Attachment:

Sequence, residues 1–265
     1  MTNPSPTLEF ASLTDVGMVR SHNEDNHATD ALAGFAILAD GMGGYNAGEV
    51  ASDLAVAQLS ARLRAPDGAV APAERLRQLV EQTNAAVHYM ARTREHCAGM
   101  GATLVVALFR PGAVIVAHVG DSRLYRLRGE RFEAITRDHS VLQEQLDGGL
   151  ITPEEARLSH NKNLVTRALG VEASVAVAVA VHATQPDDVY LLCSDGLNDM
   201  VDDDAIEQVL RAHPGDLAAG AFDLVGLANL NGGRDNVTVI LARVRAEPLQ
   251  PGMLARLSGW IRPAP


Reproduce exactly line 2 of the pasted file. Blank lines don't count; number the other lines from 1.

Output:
     1  MTNPSPTLEF ASLTDVGMVR SHNEDNHATD ALAGFAILAD GMGGYNAGEV